Now you will be moving to an apartment that does not allow pets. You’ve made the right decision for your financial future and your family, but there was a time when I was your family too. There was a time when I wasn't just a backyard accessory, I was your "baby."

I was excited about the car ride until we arrived at the animal shelter. It smelled of dogs and cats, of fear, of hopelessness. You filled out the paperwork and said “I know you will find a good home for him.” They shrugged and gave you a pained look. They
understand the realities facing a middle-aged dog, even one with “papers.”

You had to pry your son’s fingers loose from my collar as he screamed “No, Daddy! please don’t let them take my dog!” And I worried for him, and what lessons you had just taught him about friendship and loyalty, about love and responsibility, and about respect for all life. You gave me a goodbye pat on the head, avoided my eyes, and politely refused to take my collar and leash with you. You had a deadline to meet and now I have one, too.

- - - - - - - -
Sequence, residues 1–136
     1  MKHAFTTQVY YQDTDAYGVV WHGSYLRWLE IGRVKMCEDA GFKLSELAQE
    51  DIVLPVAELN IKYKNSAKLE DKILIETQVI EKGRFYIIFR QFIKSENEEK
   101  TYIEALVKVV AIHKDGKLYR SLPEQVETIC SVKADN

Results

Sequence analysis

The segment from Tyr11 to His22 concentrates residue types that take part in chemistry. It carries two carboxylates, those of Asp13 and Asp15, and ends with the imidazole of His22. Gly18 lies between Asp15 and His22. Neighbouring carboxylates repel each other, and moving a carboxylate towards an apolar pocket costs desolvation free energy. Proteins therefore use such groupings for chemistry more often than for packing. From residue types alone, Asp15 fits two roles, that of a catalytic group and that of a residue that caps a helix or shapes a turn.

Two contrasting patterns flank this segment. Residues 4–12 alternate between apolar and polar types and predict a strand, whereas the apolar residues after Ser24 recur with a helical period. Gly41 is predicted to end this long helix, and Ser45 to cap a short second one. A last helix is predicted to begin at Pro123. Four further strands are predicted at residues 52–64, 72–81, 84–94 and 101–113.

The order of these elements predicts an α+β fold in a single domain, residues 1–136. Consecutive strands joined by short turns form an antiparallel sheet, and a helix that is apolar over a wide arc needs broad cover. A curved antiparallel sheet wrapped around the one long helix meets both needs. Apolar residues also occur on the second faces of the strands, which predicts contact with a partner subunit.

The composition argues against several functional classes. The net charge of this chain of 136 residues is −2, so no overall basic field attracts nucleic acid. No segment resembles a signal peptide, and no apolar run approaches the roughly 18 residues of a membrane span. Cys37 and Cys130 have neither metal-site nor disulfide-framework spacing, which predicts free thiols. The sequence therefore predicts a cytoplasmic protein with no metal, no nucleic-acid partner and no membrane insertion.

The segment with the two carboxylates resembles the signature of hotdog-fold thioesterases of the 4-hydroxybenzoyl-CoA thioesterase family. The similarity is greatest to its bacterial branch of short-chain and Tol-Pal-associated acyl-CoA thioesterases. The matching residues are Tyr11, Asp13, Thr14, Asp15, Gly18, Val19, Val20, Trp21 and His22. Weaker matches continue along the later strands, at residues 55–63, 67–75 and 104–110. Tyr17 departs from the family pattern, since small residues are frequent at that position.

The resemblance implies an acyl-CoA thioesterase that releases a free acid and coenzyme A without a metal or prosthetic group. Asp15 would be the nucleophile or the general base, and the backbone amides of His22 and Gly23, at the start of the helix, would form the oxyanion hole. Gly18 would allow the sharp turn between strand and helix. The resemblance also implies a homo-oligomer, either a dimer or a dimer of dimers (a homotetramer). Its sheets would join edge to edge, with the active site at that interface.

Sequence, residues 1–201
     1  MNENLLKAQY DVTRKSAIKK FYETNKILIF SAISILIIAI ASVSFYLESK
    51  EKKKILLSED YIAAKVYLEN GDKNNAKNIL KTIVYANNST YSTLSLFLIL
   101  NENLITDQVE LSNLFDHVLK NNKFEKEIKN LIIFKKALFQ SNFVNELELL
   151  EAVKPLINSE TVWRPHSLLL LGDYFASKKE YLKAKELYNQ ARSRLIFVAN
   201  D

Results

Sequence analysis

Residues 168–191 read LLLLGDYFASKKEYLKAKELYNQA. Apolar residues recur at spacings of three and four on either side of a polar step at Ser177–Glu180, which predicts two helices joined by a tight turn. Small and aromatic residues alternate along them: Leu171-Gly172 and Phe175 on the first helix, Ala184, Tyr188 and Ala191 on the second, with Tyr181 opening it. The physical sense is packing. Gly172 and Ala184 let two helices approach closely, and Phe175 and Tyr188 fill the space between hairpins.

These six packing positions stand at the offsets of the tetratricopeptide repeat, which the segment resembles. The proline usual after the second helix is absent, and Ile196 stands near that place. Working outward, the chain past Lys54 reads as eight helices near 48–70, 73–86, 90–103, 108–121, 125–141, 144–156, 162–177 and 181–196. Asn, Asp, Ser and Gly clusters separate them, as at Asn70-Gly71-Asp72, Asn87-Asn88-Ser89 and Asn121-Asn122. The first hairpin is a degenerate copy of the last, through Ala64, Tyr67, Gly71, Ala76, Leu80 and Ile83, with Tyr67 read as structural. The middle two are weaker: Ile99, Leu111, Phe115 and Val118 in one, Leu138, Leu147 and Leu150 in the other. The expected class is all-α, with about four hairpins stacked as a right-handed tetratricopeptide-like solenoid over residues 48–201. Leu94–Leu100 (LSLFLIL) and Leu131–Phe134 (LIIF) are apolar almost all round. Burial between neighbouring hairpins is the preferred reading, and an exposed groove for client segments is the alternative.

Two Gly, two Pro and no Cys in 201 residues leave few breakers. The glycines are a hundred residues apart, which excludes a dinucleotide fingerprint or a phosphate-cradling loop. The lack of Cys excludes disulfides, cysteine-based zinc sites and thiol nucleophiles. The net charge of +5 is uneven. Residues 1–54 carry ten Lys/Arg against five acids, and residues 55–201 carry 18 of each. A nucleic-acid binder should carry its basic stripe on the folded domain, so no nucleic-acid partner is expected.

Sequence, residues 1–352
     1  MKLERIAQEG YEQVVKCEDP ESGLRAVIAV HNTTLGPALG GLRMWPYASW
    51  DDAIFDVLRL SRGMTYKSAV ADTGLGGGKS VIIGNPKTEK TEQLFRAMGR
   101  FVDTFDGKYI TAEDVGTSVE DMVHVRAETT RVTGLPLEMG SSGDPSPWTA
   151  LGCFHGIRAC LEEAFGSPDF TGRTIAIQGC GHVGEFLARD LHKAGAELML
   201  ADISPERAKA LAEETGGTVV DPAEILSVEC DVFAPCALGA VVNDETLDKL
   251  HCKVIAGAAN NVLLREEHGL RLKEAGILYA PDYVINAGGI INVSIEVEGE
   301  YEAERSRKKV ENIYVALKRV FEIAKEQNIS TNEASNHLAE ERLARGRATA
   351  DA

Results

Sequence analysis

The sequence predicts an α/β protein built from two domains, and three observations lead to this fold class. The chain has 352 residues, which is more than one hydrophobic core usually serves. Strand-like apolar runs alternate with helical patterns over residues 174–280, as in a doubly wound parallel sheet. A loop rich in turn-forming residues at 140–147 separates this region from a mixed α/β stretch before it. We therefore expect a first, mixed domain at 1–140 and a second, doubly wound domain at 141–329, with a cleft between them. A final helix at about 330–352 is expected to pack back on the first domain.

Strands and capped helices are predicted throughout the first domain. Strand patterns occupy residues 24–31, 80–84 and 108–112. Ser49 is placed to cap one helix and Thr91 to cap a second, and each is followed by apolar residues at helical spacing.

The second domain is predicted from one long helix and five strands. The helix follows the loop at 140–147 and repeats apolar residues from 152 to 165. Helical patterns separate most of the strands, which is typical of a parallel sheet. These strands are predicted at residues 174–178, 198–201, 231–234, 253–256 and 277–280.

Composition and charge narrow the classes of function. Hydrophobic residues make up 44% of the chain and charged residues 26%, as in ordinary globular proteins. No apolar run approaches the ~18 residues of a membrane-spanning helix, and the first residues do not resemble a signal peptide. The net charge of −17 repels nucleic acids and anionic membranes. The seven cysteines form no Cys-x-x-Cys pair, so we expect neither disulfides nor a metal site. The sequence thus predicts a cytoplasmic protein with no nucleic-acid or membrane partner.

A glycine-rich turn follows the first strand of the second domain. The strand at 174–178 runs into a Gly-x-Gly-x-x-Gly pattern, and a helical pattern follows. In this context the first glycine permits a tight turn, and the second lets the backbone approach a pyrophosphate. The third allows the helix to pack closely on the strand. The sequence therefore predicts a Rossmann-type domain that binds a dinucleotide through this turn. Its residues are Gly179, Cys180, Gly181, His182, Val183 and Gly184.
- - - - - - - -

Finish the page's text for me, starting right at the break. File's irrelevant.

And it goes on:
After you left, the two nice ladies said you probably got in over your head. They shook their heads and asked “How could you?” They are as attentive to us here in the shelter as their busy schedules allow. They feed us, of course, but I lost my appetite days ago. At first, whenever anyone passed my pen, I rushed to the front, hoping it was you ­ that you had changed your mind ­ that this was all a bad dream…or I hoped it would at least be someone who cared, anyone who might save me. When I realized I could not compete with the frolicking, happy puppies, I retreated to a far corner and waited.

I heard her footsteps as she came for me at the end of the day and I padded along the aisle after her to a separate room. A blissfully quiet room. She placed me on the table and rubbed my ears. She told me not to worry. My heart pounded in anticipation of what was to come, but there was also a sense of relief. The prisoner of love had run out of days. As is my nature, I was more concerned about her. The burden which she bears weighs heavily on her, and I know that, the same way I knew your every mood.